All five of them have a secret that they haven't told the others, so of course, the secrets are all revealed by the end.  It was a good story.  The writing was fair, but not great.  I'm a fan of Chris Colfer, but maybe he wasn't the best choice as the voice for the audiobook.  There were too many times where it sounded like he was reading the book instead of acting the book.
The Best of Adam Sharp by Graeme Simsion 3/5
Adam Sharp is a professional database architect and amateur pianist from England.  He and Claire have been together for 20 years, but never married.  They seem to have let their relationship drift into the realm of friendly roommates, rather than two people in love.  22 years ago, while working in Australia, Adam fell for a actress named Angelina.  A lot of the first part of the book is a flashback to show the time that they were together.  In the present, Angelina emails Adam out of the blue.  She is married to another man, but the emails quickly become flirty.  Angelina invites Adam to spend a week in France with her and her husband.  Then there are unexpected turns everywhere, and it all works out in the end.
This is the same author of The Rosie Project, and boy, these two books are verrrry different.  Where The Rosie Project was funny and charming, The Best of Adam Sharp is nostalgic, and full of characters making questionable choices.  I was engrossed in the story, despite the questionable choices.  The relationships were well-written, and the emotions were complex.  But if you read it, just don't expect The Rosie Project.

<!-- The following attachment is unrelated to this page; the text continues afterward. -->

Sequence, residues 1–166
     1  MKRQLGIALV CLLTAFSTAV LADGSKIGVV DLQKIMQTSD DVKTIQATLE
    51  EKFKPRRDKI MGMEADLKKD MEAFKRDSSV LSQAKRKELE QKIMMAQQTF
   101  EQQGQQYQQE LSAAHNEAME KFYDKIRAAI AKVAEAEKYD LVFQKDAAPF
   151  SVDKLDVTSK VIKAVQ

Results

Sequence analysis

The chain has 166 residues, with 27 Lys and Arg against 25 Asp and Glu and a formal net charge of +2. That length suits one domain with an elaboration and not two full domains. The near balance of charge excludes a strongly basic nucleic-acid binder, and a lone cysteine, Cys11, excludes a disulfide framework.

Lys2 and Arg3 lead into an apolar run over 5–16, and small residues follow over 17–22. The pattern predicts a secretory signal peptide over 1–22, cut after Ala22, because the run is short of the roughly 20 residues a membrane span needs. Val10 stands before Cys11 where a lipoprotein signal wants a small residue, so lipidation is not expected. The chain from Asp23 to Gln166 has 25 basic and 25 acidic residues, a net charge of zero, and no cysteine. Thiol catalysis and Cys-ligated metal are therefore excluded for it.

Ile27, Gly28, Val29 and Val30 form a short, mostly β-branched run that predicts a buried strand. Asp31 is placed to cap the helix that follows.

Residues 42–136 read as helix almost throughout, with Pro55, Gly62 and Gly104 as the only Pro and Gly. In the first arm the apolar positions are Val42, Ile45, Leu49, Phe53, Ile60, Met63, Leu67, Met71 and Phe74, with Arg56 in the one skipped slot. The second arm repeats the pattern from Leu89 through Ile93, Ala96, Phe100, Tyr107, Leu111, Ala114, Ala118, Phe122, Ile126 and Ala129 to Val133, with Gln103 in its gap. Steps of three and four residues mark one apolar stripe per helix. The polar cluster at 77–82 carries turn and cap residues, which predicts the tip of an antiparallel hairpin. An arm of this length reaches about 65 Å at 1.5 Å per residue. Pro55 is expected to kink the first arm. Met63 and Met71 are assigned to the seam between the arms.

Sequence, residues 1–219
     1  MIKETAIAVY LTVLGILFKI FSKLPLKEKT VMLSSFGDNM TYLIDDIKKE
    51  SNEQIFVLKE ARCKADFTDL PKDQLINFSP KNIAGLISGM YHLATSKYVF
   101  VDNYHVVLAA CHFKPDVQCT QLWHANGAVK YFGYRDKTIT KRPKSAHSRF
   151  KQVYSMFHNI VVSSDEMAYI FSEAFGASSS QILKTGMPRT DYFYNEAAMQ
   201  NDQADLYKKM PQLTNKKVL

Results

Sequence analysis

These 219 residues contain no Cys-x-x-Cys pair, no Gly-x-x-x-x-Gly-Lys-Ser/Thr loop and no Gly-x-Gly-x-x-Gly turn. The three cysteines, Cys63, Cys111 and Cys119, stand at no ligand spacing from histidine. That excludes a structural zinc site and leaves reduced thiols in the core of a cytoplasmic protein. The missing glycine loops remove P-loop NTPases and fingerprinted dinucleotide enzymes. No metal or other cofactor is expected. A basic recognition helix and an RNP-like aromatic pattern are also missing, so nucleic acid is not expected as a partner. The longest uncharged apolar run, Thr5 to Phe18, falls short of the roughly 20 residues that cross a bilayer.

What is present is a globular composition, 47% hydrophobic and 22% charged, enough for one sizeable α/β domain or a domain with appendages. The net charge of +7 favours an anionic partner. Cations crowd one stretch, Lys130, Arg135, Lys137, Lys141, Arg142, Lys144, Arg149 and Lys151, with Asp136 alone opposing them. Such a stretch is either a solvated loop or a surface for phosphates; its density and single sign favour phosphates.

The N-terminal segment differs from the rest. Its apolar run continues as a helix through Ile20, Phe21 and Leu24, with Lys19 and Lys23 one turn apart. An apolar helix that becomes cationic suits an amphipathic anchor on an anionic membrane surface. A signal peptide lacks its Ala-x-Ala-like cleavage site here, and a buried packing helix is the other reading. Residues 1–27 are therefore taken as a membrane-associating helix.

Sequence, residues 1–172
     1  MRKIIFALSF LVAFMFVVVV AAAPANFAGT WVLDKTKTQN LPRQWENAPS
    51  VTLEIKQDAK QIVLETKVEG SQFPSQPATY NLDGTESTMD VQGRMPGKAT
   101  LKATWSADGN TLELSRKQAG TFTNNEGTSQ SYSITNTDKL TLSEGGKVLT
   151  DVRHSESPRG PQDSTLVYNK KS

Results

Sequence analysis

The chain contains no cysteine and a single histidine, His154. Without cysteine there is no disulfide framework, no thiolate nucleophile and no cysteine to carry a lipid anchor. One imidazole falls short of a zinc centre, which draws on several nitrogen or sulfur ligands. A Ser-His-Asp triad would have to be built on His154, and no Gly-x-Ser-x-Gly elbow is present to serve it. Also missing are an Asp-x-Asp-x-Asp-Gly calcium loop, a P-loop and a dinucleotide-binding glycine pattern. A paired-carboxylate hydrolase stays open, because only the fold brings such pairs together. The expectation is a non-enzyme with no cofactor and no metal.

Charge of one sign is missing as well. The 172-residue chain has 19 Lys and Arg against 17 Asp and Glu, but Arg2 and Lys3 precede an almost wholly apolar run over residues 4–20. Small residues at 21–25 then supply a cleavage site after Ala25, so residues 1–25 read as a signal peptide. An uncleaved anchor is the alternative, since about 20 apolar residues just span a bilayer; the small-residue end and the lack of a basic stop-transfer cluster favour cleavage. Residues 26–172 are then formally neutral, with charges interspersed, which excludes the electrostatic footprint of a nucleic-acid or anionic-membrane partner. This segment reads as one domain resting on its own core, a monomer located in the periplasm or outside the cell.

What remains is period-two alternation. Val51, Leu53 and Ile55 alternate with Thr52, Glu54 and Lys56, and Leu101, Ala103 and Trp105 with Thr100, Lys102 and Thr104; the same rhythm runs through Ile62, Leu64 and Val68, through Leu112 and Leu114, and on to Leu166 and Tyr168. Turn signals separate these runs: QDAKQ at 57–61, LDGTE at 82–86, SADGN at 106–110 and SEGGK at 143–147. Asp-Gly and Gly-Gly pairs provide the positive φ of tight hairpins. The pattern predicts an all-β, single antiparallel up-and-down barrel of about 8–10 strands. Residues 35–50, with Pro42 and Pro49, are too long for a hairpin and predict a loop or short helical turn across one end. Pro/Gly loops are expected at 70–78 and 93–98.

June 2017

Seven Days of Us by Francesca Hornak 4/5
The Birch family is rarely all together for holidays anymore, especially since the older daughter, Olivia, is often away on medical mission trips.  It's almost Christmas, and she is about to return from fighting an epidemic in Africa, and has to be quarantined for seven days.  Her family decides to be quarantined with her, so they spend Christmas together at the old family estate in the country (somewhere in England).  The dad, Andrew, used to be a war correspondent, but now he reviews restaurants.  The mom, Emma, is dealing with a medical issue that she's keeping a secret.  The younger daughter, Phoebe, has just gotten engaged.  It's amazing how much happens to them and how many surprises they get during this one week of their life.  But that's why it's an interesting story.  I liked the format and how the secrets were revealed to different characters at different times.
A Certain Age by Beatriz Williams 3/5
This is a love triangle set in 1920's New York City.  Theresa is a married 40-something woman with a 20-something boyfriend, Octavian.  He wants to marry her, but she prefers their current arrangement, since divorce is so frowned upon in high society.  Theresa's brother is all set to marry 19-year-old Sophie, and it seems that Sophie is willing to marry him, until she meets Octavian and falls for him.  Octavian can't help but be swept away by Sophie too.  Throw in family secrets and a murder trial, and this is now quite a story.  I liked it, but I thought it got confusing near the end.  I understood how it all turned out, but the way it got to that wrap-up lost me a bit.
Dark Matter by Blake Crouch 4/5
This is different from the books I usually read.  It's a suspenseful, mind-boggle of a story.  Jason has a happy life with his wife and teenage son in Chicago.  He is a physics professor at a small college.  One night, he is abducted and taken to an abandoned warehouse.  The next thing he knows, he wakes up in a lab facility and the life he knows is no longer reality.  His wife isn't his wife.  They have no son.  A bunch of scientists seem to know who he is, but he has no memory of them at all.  Jason has to figure out where he is, who he is, what is real, and how to get back to the life he knew.  Ultimately, it's about the choices we make, and how each choice, even small ones, shape our lives.